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|Title:||Evaluating Public Sector Employee Performance: Police Productivity as a Case Study (goal-Setting, Law Enforcement, Highway Traffic Safety)|
|Department / Program:||Labor and Industrial Relations|
|Discipline:||Labor and Industrial Relations|
|Degree Granting Institution:||University of Illinois at Urbana-Champaign|
|Subject(s):||Political Science, Public Administration|
|Abstract:||Public demands and budget constraints have brought new attention to the issue of improving public sector employee performance; especially in essential public services. Public agencies have traditionally sought to improve performance through job restructuring, reduced manpower, and the adoption of new technology. Rarely, however, have agencies looked to the reform of their own internal personnel performance evaluation systems as a means of stimulating improved performance.
This research represents a case study of police personnel management in which it is shown that police traffic services performance can be improved through the use of performance evaluation systems based on public safety results. Through an extensive literature review, the author traces the history of police performance evaluation; concluding that a major impediment to police performance has been the traditional use of invalid performance evaluation systems; rarely based on public goals.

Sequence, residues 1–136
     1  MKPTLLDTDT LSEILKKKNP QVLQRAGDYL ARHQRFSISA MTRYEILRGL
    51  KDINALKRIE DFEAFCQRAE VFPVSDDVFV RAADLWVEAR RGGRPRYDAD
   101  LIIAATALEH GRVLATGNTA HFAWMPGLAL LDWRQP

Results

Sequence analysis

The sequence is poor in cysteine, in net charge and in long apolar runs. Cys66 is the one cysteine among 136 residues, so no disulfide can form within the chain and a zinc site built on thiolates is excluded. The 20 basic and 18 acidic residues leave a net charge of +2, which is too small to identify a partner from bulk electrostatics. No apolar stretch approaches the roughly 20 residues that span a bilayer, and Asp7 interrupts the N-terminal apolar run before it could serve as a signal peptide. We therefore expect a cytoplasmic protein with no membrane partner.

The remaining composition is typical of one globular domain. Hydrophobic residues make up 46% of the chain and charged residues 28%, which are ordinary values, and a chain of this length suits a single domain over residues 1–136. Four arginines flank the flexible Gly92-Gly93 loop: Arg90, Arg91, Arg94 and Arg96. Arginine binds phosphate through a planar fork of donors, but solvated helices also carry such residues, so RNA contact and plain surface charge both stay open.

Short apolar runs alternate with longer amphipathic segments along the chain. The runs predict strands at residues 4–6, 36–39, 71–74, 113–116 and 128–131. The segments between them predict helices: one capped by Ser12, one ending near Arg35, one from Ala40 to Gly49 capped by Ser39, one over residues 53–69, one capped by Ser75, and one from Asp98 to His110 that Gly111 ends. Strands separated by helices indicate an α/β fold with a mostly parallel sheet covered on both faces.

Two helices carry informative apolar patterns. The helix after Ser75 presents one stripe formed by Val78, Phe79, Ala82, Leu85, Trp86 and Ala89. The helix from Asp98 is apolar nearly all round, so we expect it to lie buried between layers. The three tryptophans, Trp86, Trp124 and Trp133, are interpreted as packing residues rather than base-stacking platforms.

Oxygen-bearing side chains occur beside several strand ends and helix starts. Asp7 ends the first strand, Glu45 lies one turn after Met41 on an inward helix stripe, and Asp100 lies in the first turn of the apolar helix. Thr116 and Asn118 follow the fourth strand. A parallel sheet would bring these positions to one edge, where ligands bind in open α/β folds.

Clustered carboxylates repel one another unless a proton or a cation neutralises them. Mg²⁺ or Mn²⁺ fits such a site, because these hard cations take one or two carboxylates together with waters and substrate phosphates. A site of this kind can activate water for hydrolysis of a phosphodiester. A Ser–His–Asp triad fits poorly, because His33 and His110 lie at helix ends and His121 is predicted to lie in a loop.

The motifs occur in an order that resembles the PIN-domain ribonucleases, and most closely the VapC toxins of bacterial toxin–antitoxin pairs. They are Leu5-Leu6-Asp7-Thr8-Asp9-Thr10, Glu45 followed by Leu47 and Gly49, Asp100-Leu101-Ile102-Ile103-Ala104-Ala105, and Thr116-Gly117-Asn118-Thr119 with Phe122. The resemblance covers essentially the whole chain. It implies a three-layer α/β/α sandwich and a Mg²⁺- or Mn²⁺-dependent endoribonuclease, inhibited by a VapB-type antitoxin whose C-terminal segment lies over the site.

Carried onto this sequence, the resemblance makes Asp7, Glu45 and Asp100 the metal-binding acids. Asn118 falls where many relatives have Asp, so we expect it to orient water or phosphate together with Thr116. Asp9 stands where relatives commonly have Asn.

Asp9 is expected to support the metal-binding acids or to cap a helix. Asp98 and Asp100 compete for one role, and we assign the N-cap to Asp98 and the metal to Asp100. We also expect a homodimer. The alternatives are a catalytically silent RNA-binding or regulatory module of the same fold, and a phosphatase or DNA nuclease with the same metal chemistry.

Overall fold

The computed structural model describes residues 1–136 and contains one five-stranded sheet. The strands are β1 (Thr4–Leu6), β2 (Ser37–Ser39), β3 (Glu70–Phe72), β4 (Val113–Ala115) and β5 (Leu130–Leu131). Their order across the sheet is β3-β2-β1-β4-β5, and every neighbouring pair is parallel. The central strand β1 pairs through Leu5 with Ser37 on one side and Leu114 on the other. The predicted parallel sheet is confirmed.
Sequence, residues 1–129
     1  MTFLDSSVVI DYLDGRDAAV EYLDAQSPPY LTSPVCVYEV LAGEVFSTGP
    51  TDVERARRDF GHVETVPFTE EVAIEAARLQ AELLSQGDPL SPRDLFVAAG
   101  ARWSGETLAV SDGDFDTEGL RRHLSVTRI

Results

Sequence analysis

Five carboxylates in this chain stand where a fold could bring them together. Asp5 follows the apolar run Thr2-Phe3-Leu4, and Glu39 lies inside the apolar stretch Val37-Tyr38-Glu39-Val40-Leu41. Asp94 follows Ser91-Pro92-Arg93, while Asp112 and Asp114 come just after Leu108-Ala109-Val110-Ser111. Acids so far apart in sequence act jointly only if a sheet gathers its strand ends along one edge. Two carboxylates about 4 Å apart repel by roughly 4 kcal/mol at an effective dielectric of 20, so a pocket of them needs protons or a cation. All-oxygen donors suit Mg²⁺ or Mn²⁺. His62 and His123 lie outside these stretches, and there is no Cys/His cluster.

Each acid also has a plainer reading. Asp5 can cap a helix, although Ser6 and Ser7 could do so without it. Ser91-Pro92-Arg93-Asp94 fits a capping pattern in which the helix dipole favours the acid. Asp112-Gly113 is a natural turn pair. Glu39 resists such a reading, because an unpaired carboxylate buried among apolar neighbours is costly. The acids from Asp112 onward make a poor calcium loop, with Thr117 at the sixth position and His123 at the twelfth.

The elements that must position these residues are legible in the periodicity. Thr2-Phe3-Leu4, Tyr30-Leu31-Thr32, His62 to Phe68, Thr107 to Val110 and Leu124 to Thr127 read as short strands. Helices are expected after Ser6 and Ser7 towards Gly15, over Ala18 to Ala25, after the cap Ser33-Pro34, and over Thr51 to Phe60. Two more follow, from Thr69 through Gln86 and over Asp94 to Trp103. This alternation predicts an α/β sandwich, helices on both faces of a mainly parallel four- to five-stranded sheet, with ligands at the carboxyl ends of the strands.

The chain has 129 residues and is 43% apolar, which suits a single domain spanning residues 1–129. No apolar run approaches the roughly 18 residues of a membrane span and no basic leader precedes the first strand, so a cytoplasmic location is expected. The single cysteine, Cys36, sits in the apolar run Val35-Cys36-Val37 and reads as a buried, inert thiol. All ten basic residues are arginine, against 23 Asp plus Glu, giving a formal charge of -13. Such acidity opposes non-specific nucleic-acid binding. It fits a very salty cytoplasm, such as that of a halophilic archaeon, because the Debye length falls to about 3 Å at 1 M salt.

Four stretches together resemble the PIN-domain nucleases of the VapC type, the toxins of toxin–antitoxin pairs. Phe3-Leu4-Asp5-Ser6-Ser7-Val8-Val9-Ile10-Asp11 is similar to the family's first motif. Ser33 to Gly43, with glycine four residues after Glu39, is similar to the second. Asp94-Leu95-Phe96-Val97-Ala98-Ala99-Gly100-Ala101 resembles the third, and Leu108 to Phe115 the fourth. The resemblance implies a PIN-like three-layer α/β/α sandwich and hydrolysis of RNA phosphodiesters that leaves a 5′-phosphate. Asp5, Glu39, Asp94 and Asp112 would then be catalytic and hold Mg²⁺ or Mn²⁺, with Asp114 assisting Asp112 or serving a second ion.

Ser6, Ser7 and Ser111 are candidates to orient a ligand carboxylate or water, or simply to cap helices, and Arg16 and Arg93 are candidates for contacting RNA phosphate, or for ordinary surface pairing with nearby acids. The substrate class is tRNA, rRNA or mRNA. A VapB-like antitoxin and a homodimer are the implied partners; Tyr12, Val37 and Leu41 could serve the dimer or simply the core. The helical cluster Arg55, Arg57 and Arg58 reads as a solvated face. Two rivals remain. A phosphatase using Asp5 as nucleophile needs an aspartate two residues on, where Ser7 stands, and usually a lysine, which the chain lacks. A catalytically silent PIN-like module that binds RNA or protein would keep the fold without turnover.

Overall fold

Phase 2 of the research creates a new measurement device for traffic officers; the safety index. A composite overall indicator of area traffic safety, the index was used to evaluate the effectiveness of specialized traffic officer training programs. In addition, a field experiment was conducted in which police participated in a safety goal-setting program for 6 months. In the program, officers were evaluated based on their contribution to traffic safety on the safety index (not traffic ticket production). The program resulted in a significant, 30% improvement in traffic safety while at the same time, the volume of traffic tickets issued declined.
The final phase of the research involved an analysis of pretest and posttest questionnaires completed by participating police officers. These revealed officer attitudes toward training, traffic enforcement, job satisfaction, performance evaluation and the safety index. The effect of the safety goal-setting program on training effectiveness and job satisfaction was tested and found to be neutral.
This study concluded that measurements-of-results can be successfully developed and utilized in performance evaluation systems for police officers. Furthermore, when combined with goal-setting techniques, such a system can produce significant improvements in public safety at minimal cost and without negatively affecting employee morale.
Thesis (Ph.D.)--University of Illinois at Urbana-Champaign, 1984.
|Date Available in IDEALS:||2014-12-16|
This item appears in the following Collection(s)
Dissertations and Theses - Labor and Employment Relations
Graduate Dissertations and Theses at Illinois
Graduate Theses and Dissertations at Illinois